U.S. infrastructure is in bad shape. Across the country, streets marred with
potholes, overcrowded airports, and out-of-date school facilities have become
the norm. But the United States’ failing infrastructure causes more than just
commonplace inconveniences. Crumbling infrastructure poses real dangers to
Americans’ health and safety, as illustrated by the contaminated water system in
Flint, Michigan; flooding due to poor storm water drainage systems in Texas and
Louisiana; the failing metro system in Washington, D.C.; and blackouts caused by
extreme weather and outdated electrical grids in cities across the country.
A new report from the American Society of Civil Engineers, or ASCE, quantifies
how the United States’ chronic underinvestment in infrastructure—spending only
half of what is needed—has created an investment gap that affects the economy,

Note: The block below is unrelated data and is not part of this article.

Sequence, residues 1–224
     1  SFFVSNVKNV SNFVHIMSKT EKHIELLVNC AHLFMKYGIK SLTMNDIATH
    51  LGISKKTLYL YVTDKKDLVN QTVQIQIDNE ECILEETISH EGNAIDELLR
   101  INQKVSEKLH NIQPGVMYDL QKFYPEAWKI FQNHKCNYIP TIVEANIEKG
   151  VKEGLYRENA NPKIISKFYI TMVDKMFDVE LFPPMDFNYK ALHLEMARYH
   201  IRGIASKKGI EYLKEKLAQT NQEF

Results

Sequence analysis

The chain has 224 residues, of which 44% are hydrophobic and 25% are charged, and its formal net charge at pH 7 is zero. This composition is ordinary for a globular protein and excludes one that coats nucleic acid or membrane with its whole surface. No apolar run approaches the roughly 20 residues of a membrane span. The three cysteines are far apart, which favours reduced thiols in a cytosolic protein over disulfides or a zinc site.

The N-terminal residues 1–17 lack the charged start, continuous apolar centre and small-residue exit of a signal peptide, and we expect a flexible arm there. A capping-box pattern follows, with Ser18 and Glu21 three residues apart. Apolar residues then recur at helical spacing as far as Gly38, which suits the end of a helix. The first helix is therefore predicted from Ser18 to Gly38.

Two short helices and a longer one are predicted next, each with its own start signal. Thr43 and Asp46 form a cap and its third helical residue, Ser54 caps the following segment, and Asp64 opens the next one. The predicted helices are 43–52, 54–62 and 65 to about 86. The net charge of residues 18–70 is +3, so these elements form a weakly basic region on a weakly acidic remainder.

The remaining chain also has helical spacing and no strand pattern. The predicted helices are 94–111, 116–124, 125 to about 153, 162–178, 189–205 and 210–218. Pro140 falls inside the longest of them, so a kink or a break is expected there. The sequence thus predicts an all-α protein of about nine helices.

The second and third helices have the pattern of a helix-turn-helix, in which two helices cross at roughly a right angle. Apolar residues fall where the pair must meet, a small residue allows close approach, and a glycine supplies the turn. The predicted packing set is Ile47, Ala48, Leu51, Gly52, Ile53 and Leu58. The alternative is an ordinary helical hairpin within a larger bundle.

safety, jobs, communities, and health. As infrastructure continues to age without
proper investment and upkeep, the costs to maintain and repair it continue to rise
over time. The report found that if infrastructure deficiencies are not addressed, it
could cost the economy almost $4 trillion in gross domestic product, or GDP, and
2.5 million jobs by 2025.
In short, policymakers’ short-term cost cuts will cause
massive expenses in the long term.
The country’s dam infrastructure is not exempt from this underinvestment. With
an ASCE grade of a D, the country’s nearly two million dams are one of the most
pressing infrastructure challenges for safety, the environment, and the economy.
While most of these dams were originally built for economic purposes—includ
ing to power mills and factories developed during the industrial revolution and for
flood and debris control, water storage and irrigation, hydropower, navigation, and
recreation—many of their original purposes and benefits have diminished. In fact,
many dams are now obsolete, costly, aging, and unsafe.